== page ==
And where were China’s intellectual gadflies as this went on? The voices that had been so eloquent in the late 1980s? By 2004 Zhao Ziyang saw the intellectual elite as having been co-opted:
Economic reform has produced a tightly knit interest group that is now joined by students who have been educated in democratic countries of the West. These people have succumbed to power, and what we now have is a tripartite group in which the political elite, the economic elite, and the intellectual elite are fused. This power elite blocks China’s further reform and steers the nation’s policies toward service of itself.
Zhao concludes that “socialism with Chinese characteristics” has produced “power-elite capitalism,” which is “capitalism of the worst kind.” He reflects that he had once accepted the argument that free speech is a luxury when people have empty stomachs, but now (in 1998) sees that the two are connected: without free speech, one gets a “deformed economy.”
China’s common folk can see the deformed economy, and those who are losers within it—farmers whose land has been seized, state workers who have been laid off, retirees whose pensions vanish—have been protesting at increasing rates since the late 1990s. In 2003 the number of “mass incidents” reported by Public Security rose to 60,000, a sixfold increase since 1993. This rise helps to explain the tighter controls on unauthorized speech, publication, and assembly during recent years. In 2004 Zhao Ziyang told Wang Yangsheng:
They [in the government] are afraid. They are afraid to open even a crack, because all kinds of unsolvable problems might then spill out. They have to protect their interests and those of their interest group.
In New York the exiled dissident Hu Ping, editor of Beijing Spring, has noted that when a booming economy creates a need for increased repression, as it has in China, a favorite theory of Western politicians is challenged. Bill Clinton, George W. Bush, and Tony Blair are all on record as predicting that economic growth inevitably will pull China toward freedom and democracy.4 Hu Ping sees increased wealth for China’s elite as providing not only better means to repress but more reason to, as resentment between haves and have-nots grows. The result, instead of democracy, could be turmoil—or, if the repression works, a successful monster state.5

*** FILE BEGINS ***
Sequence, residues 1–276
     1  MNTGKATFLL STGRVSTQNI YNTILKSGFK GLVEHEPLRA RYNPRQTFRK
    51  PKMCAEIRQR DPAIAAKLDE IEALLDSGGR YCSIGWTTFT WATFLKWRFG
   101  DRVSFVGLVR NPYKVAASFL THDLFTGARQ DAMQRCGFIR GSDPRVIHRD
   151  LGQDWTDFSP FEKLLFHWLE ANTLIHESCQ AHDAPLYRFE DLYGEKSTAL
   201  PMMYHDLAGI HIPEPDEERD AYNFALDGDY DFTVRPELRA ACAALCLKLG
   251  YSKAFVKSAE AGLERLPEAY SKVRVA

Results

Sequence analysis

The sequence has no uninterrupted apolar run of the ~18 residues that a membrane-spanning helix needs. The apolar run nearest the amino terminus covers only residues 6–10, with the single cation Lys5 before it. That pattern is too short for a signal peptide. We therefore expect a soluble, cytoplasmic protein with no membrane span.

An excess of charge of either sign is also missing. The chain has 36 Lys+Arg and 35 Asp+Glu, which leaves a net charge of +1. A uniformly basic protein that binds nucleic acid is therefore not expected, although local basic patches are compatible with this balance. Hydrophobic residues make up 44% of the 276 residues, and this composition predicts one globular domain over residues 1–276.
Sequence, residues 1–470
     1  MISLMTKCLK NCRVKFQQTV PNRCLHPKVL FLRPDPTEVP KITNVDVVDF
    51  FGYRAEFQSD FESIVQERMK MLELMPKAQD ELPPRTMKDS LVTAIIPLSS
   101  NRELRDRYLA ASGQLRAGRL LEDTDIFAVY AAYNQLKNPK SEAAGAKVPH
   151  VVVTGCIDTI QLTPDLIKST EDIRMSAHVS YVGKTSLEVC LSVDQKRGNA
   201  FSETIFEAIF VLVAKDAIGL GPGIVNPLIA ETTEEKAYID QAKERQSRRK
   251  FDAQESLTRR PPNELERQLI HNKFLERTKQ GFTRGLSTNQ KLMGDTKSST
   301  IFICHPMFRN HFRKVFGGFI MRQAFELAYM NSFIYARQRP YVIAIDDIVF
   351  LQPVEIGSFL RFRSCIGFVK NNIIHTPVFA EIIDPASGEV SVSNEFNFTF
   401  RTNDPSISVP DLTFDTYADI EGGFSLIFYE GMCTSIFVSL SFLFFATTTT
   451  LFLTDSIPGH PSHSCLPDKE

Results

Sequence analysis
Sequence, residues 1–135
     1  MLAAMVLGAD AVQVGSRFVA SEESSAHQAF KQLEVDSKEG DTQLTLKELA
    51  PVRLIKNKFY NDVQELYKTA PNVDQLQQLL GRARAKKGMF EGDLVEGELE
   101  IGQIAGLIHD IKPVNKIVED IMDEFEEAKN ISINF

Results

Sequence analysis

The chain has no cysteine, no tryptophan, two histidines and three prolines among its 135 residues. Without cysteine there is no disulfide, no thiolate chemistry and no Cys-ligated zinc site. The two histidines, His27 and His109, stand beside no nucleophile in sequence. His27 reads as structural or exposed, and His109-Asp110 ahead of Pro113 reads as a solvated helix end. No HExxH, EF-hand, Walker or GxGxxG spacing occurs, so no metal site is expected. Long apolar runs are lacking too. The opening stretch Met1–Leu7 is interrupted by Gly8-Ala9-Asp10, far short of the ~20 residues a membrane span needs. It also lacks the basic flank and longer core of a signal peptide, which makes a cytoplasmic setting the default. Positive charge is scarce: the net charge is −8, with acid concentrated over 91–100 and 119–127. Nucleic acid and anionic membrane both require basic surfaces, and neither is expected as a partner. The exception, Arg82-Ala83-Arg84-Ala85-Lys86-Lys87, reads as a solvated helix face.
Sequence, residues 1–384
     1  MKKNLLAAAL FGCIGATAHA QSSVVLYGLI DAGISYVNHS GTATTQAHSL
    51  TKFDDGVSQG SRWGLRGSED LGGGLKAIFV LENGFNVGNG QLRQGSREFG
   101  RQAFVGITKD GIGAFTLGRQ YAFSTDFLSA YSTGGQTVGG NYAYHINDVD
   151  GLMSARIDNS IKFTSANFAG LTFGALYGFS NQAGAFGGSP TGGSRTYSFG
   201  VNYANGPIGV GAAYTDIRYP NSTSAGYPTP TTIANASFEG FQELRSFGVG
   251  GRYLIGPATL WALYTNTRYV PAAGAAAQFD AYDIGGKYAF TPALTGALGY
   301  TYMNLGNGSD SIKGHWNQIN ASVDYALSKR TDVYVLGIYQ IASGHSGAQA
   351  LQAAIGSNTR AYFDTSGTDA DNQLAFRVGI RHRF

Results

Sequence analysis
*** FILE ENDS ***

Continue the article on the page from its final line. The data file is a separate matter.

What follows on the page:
Such a state would surely make use of Chinese nationalism, which Zhao Ziyang, in his chats with Zong, comes to see as “the greatest threat” to “China’s progress toward a modern civilization.” Nationalism has understandable roots, Zhao felt, because of “the sting of China’s past century of foreign encroachment and bullying.” But authorities can easily exploit this sentiment to “ignite parochial ethnic hatred” and build “the internal unity required to preserve stability and to consolidate rule.”
By the end of his life Zhao feels that China’s politics needs at least three things: a free press, an independent judiciary, and an end to the Communist Party’s monopoly of power. Without a free press, citizens turn into “loyal instruments of authority.” As for the courts,
the experience of our own country shows that there is no good at any level, including the top level, in political interference in the judiciary.
And on Party power:
The Party must release its right to control everything…[otherwise] other social organizations cannot get started and cannot marshal the power to do oversight.
The concept of “dictatorship of the proletariat” must go, and “parliamentary democracy is the necessary way forward.”
Did Zhao hope that China might actually get these things anytime soon? At the end of his life he seemed pessimistic. The biggest obstacle to abolishing one-party rule, he suggests, is one-party rule. The privileged group that sits atop China and enjoys its boom will not easily give up and, as Zhao told Wang Yangsheng, “to confront such a large interest group would be very difficult” even if a leader wanted to. For Zhao there was not the slightest sign that China’s current leaders wanted to. He told Zong Fengming that
the policy of Hu Jintao and Wen Jiabao is only to hand out little favors to the common people in order to bolster their image of “caring for the people” without infringing any serious interests of the elite, let alone changing the system in any way. This just will not solve the problem.